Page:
New updates, 3/17/23: Possible North Korean involvement

Early in the morning of March 17, 2023, 100 ETH stolen in the Euler Finance hack moved to an address that previously received funds stolen in the Axie Infinity Ronin Bridge hack, which was carried out by the North Korean hacking syndicate Lazarus Group.

This could also mean that the Euler Finance hack was also carried out by Lazarus Group. However, we can’t yet know for sure — it’s possible that this movement of funds was an attempt at misdirection by another hacking group. We will continue to monitor the situation and provide updates as possible.

Original post: Analysis of Euler Finance flash loan attack

On March 13, 2023, Euler Finance, a permissionless borrowing and lending protocol on Ethereum, was the victim of a flash loan attack. Euler Finance isn’t the first DeFi hack victim this year — dForce and Platypus were similarly targeted in February — but it is unfortunately the largest. At a whopping near-$200 million loss, hackers stole funds in USDC, wrapped Bitcoin (wBTC), staked Ether (stETH), and DAI, an algorithmic stablecoin maintained by MakerDAO. A hack of this magnitude illustrates both the ongoing threats to widely used DeFi protocols and the potential hacking abuses opened up by flash loans. 

In this blog, we’ll explore how flash loans work, how hackers stole funds from Euler Finance, and how the effects of flash loan attacks may be mitigated in the future. 

What is a flash loan? 

Before analyzing the details of the Euler hack, it is important to understand how flash loans typically work. Flash loans are executed by smart contracts and enable participants to quickly borrow funds without the need for collateral. However, these loans must be repaid in full within the same transaction, or else the entire transaction, including the loan itself, will be reversed. Flash loans are attractive for DeFi traders looking to maximize arbitrage opportunities. They are also commonly used for swapping collateral and self-liquidation

Although there are several legitimate uses of flash loans, hackers can also use them to manipulate DeFi protocols’ pricing oracles. They do this by taking advantage of the lack of collateralization to borrow huge amounts of funds, which they can then use to manipulate token prices, typically by buying or short selling high volumes of tokens with thin supply levels. 

How the Euler Finance flash loan attack occurred

When users borrow and lend using the Euler Finance platform, they primarily transact with two types of tokens: eTokens (which represent collateral) and dTokens (which represent debt). Euler issues eTokens based on the types of funds deposited by users; dTokens automatically trigger on-chain liquidation when the platform holds more dTokens than eTokens.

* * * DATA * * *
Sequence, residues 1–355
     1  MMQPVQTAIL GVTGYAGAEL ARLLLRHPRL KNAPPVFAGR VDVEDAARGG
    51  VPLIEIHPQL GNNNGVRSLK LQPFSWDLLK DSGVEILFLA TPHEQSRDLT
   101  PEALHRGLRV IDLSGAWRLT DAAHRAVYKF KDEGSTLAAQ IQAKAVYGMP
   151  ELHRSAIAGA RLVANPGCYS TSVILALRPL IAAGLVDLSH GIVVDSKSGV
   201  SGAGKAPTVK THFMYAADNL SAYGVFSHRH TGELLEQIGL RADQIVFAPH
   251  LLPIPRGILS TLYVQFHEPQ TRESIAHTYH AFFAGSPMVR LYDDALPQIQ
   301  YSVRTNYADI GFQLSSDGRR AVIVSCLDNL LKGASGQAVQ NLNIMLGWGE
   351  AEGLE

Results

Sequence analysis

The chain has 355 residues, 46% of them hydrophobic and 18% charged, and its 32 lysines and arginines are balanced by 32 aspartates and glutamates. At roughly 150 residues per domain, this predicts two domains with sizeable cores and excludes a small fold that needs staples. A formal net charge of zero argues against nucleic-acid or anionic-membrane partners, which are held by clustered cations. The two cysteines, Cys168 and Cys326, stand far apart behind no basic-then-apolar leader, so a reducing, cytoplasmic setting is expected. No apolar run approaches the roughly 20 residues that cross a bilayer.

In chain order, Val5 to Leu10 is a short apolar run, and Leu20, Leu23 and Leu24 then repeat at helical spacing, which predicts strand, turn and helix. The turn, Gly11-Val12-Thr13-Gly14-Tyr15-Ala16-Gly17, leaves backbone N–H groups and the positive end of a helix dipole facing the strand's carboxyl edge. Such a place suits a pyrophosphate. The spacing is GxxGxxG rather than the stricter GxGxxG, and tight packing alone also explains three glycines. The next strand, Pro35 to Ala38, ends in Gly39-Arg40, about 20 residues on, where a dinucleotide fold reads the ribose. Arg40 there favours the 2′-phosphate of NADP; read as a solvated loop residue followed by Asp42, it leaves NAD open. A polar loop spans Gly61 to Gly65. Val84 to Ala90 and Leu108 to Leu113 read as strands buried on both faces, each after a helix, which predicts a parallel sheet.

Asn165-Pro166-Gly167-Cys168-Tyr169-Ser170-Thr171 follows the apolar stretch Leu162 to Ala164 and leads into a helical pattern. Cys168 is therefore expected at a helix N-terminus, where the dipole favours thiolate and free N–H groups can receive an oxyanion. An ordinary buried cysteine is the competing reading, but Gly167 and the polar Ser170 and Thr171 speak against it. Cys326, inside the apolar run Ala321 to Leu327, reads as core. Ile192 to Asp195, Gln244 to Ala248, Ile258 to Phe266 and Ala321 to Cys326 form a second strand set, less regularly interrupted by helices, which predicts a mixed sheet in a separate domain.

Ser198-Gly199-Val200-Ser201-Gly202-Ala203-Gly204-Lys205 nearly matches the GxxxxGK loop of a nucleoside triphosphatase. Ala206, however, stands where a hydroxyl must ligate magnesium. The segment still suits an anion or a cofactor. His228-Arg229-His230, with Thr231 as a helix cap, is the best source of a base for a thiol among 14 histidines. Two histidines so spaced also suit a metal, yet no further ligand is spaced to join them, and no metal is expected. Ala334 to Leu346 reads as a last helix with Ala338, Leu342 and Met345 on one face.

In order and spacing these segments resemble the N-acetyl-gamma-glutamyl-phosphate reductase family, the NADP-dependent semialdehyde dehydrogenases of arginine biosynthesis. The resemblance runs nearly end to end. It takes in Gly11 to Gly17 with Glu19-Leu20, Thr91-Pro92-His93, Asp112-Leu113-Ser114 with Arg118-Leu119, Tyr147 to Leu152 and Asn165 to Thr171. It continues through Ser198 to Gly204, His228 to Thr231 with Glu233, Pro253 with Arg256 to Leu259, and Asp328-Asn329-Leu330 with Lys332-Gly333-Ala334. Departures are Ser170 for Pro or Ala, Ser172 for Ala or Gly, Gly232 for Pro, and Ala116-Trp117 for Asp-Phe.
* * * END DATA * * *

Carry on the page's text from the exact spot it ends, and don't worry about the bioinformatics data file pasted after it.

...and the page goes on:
The hack was made possible by a liquidity issue in the DonateToReserve function of the eToken. This function was properly burning eTokens, but not dTokens, leading to an incorrect conversion of borrowed assets to collateralized assets. Euler’s hacker took advantage of these inconsistencies to create a false impression that the platform had a low amount of deposited eTokens and fake debt due to the fact that the dTokens were not burned.

We currently have reason to believe that there were two primary on-chain entities involved in the hack: a front-running MEV bot (using the wallet 0x5F259D0b76665c337c6104145894F4D1D2758B8c) and the hacker’s primary personal wallet (using the wallet 0xb66cd966670d962C227B3EABA30a872DbFb995db). The hacker hardcoded their lending contract so that the personal wallet received most of the funds, regardless of which entity executed which transactions. 

The hacker received initial funding from the sanctioned mixer Tornado Cash for gas fees and to create the contracts used in the exploit, then initiated a flash loan to borrow around $30 million in DAI from the DeFi protocol Aave. After this, the hacker deposited $20 million of that DAI into Euler’s platform, receiving a similar amount in eDAI tokens. By leveraging Euler’s borrowing capabilities, the hacker was able to borrow 10 times the original deposited amount. The hacker then used the remaining $10 million in DAI from the original loan to repay part of the acquired debt (dDAI) and reused the mint function to borrow again until the flash loan was closed. After the hack was complete, the hacker moved some of the funds back to Tornado Cash. Investigators would need to employ advanced investigative techniques like those Chainalysis offers to pursue the funds further.

We can see some of these steps in the Chainalysis Storyline graph below: 

Open in new tab to enlarge

Overall, Euler lost roughly $197 million worth of cryptocurrency, spread across DAI, wBTC, stETH, and USDC. Additionally, Euler’s native token, EUL, declined more than 45%

Reducing hacking risks

Although it can be difficult to identify DeFi platform vulnerabilities, there may be several methods to mitigate risk of flash loan attacks to protect cryptocurrency participants from similar catastrophic events. For instance, circuit breakers could be used to temporarily halt protocols when there are unusually large price movements or outflows so that hacks can be stopped early. We will continue to monitor the Euler hack situation and provide updates as possible.

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